The Kt we loved

The Kt we loved
"I just might hurt you if you don't move that camera." — Kt

Wednesday, December 29, 2010

Pay no attention to the man behind the curtain

Someone commented that I "seemed to be doing remarkably well". This wasn't a strictly positive comment: it clearly had a note of "...and that seems wrong".

What they were referring to was that in social situations, I often seem pretty OK. Part of it is that I crave the everyday interaction with other people. I suspect this is a function of working from home, where I'm relatively isolated from other people's day-to-day lives (I have my love Anita, of course, but that's our life, and I already know what's going on there).

But the biggest reality is that it's all an illusion. I wrote before about someone saying, "I don't know how I'm supposed to act", and that's still true. I do know how to act -- in all of the varied senses of the word -- around other people, in casual situations -- shopping, visiting, or whatever.

And that's actually a comfort to me, because, Goddamnit, I do not know how I'm supposed to act in real life. I can't go around being a sad sack every minute: I mean, I suppose I could, but I'm not going to, it's too hard. I can't just hide, though in a lot of ways I'd like to. But I know how to do small talk, so I do that. Maybe this is weird, I dunno, but it's where I'm at now.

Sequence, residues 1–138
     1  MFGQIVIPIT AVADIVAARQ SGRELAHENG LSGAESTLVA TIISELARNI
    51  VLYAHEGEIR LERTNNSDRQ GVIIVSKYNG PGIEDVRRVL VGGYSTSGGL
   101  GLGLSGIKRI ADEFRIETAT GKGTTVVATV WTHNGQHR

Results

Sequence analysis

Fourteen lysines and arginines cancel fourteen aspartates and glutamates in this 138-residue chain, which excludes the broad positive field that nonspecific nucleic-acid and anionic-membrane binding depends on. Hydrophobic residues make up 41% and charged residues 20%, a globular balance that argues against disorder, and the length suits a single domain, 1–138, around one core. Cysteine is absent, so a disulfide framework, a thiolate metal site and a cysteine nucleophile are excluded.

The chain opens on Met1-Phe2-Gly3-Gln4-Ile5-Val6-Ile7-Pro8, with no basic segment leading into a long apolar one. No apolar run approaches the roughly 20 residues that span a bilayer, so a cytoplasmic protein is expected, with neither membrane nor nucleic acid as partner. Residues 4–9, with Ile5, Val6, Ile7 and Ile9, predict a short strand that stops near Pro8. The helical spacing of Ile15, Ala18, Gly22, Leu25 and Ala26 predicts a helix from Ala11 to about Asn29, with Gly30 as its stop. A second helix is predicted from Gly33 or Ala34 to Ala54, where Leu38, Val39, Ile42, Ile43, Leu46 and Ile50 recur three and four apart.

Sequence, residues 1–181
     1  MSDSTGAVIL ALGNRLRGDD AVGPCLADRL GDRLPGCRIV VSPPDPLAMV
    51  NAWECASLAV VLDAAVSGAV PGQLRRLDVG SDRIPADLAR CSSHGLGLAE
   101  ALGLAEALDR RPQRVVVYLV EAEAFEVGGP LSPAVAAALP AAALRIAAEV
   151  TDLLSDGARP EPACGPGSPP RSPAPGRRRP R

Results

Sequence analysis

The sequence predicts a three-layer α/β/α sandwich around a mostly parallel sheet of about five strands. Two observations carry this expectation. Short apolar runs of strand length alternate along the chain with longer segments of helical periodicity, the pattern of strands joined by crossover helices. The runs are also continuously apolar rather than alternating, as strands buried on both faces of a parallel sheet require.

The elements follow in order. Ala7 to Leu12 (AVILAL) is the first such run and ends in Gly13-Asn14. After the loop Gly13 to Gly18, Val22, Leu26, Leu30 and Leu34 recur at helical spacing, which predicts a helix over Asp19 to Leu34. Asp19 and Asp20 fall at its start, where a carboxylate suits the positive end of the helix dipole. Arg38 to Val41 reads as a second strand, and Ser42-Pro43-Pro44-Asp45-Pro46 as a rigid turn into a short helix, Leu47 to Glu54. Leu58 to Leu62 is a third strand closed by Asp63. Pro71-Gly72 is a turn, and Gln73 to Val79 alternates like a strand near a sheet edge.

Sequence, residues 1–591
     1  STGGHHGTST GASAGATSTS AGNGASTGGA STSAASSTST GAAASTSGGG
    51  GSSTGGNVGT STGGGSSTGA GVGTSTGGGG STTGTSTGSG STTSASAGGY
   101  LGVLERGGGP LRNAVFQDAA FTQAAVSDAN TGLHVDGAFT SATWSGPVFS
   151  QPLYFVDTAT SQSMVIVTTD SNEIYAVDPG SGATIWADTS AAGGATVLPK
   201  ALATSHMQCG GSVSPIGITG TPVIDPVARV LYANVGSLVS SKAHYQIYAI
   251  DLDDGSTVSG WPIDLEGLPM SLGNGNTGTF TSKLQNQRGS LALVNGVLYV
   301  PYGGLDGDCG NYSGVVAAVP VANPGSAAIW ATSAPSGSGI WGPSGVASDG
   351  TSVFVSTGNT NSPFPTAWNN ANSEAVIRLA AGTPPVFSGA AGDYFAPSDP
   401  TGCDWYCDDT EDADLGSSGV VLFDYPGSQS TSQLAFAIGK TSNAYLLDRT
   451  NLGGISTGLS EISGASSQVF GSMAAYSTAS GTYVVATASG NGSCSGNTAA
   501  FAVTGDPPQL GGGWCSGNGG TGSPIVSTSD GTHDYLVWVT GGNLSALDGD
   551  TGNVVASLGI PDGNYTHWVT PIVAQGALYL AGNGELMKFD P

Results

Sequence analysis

Saga link of the day: "If I Were You"

Monday, December 27, 2010

Happy Boxing Day (?)

Growing up in Canada, the day after Christmas is Boxing Day (and also in most of the current and former UK). Not a true holiday, but for some reason still sort of a big deal. And a statutory holiday in Ontario, at least when I was young, which meant "real" Christmas -- everyone off and visiting, etc. -- spanned two full days.

The folk etymology for the name has something to do with actual fighting, but that's clearly bogus. As kids, we thought it was called Boxing Day because it was the day we dragged all the boxes from Christmas out to the trash. Turns out it's much older: I of course looked on The Interwebs, and The Google says that money was collected for the poor during the holiday season, in alms-boxes placed in churches, and this money was distributed during to the poor and needy on the day after Christmas. Somehow those alms-boxes became "Boxing Day" (sounds more like it should be Un-Boxing Day!).